Friday, December 4, 2020

What Happens When A Government Does Nothing

Once a battleground state, Iowa has slipped further into the grasp of the "free range sociopaths" that characterize the Republican Party today.  Trying to outdo their neighbors to the northwest in South Dakota and their dangerous governor Kristi Noem, Iowa's own craven Republican governor, Kim Reynolds, has been a case study in how not to use the power of government to protect its vulnerable (except for a certain class of its citizens):

The story of the coronavirus in this state is one of government inaction in the name of freedom and personal responsibility. Iowa Governor Kim Reynolds has followed President Donald Trump’s lead in downplaying the virus’s seriousness. She never imposed a full stay-at-home order for the state and allowed bars and restaurants to open much earlier than in other places. She imposed a mask mandate for the first time this month—one that health-care professionals consider comically ineffectual—and has questioned the science behind wearing masks at all. Through the month of November, Iowa vacillated between 1,700 and 5,500 cases every day. This week, the state’s test-positivity rate reached 50 percent. Iowa is what happens when a government does basically nothing to stop the spread of a deadly virus.

“In a lot of ways, Iowa is serving as the control group of what not to do,” Eli Perencevich, an infectious-disease doctor at the University of Iowa Hospitals and Clinics, told me. Although cases dropped in late November—a possible result of a warm spell in Iowa—Perencevich and other public-health experts predict that the state’s lax political leadership will result in a “super peak” over the holidays, and thousands of preventable deaths in the weeks to come. “We know the storm’s coming,” Perencevich said. “You can see it on the horizon.” [snip]

Iowa’s problem is not that residents don’t want to do the right thing, or that they have some kind of unique disregard for the health of their neighbors. Instead, they looked to elected leaders they trust to tell them how to navigate this crisis, and those leaders, including Trump and Reynolds, told them they didn’t need to do much at all...

The article provides heart- wrenching stories of the health care providers who are being "sapped" and "used to death" in their heroic efforts to tend to a growing tsunami of coronavirus patients in Iowa hospitals -- a tsunami that could have been largely avoided with leadership from government at the state and federal levels.  We see their stories, and those of the victims of the virus, and the toll its taking on millions of families across the country.  And we get very angry;  angry at the malicious incompetence and the political servility to the shitstain currently in the White (Supremacist) House;  angry at the selfishness and lack of social consciousness that holds that a mask represents a loss of freedom and not an act of love and regard for your fellow citizens.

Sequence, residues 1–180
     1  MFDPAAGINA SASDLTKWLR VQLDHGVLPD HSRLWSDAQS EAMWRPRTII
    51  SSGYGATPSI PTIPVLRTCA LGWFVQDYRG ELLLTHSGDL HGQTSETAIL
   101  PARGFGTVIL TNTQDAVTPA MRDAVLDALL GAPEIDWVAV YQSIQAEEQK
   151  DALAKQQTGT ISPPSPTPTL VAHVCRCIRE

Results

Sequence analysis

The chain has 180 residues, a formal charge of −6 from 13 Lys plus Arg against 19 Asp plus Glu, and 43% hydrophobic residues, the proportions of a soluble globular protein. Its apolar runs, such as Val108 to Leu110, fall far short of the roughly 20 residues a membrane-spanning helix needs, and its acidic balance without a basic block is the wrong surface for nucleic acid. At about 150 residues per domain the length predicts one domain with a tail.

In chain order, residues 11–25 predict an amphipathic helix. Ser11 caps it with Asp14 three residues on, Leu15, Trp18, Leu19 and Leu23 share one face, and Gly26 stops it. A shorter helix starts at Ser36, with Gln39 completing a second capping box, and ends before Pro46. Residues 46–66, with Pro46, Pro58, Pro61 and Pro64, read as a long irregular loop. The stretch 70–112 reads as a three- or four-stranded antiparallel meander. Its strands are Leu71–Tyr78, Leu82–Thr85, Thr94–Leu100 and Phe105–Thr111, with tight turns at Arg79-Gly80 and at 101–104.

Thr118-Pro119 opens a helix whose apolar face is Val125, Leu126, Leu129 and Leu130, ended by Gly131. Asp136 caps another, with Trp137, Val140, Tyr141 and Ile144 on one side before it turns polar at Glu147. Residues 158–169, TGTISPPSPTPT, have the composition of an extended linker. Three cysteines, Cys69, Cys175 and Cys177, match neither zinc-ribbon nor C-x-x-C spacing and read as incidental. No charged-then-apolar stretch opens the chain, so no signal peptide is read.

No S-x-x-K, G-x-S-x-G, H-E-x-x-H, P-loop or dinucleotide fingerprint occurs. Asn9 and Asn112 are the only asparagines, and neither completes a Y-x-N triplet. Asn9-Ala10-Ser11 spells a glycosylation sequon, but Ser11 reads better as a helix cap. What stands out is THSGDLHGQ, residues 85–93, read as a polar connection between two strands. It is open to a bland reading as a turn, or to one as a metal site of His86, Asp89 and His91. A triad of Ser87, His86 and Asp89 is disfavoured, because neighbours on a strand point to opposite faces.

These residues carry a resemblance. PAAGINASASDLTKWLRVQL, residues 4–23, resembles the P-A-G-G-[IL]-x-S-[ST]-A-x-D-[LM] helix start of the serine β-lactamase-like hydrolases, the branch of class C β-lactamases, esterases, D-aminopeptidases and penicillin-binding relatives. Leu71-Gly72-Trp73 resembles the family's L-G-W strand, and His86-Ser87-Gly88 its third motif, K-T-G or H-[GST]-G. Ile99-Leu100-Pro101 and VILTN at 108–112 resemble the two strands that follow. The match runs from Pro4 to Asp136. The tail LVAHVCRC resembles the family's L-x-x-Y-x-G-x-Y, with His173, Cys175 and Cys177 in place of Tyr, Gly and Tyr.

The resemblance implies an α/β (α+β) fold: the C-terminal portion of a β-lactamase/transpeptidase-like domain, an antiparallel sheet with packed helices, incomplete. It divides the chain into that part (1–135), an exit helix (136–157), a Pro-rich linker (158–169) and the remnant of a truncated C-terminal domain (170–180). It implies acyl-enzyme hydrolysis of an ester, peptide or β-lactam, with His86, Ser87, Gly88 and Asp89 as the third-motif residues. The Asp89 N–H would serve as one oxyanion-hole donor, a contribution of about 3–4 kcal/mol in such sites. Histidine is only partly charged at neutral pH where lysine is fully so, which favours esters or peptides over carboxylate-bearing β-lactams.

But Reynolds and Republicans are very proactive and anxious to use government when they want to maintain the health of a certain segment of their constituency, especially if when in their political interest to do so:

U.S. farm profit in 2020 will rise to a seven-year high after government-aid payments doubled amid the coronavirus pandemic and trade disputes, the Department of Agriculture said.

President Donald Trump regularly promoted his farm-aid initiatives as he appealed to his rural political base. He announced a second round of coronavirus relief for farmers at a campaign rally in the battleground state of Wisconsin seven weeks before the election.

U.S. net farm income this year will jump 43% to $119.6 billion, the highest inflation-adjusted level since 2013, the government said Wednesday in a report. The projected surge occurred as the virus pandemic roiled the food-supply chain in the spring, driving grain prices down and meat costs higher.

Now, we're not anti- farmer (many of our ancestors were farmers), just pro- good government -- which, it's safe to say, is not generally characteristic of Republican regimes (mottoes: "Afflict the afflicted and comfort the comfortable," "government is for grifting," "party before country").  It should not go without notice that, had farm state Republican governors dealt with the pandemic forcefully in the first place, there might not have been a need to bail out (and then some) farmers with billions of dollars in subsidies.

The simple point we want to make here is that leaders are supposed to be responsible for all their constituents, not just the ones whose votes they need.  But when your model at the national level is the sociopathic, malicious Mango Mussolini, you're likely to follow his lead as a transactional, tribal political hack.  And when it comes to using government for the general welfare, it's all about you and yours feeding at the government trough and to hell with the rest.

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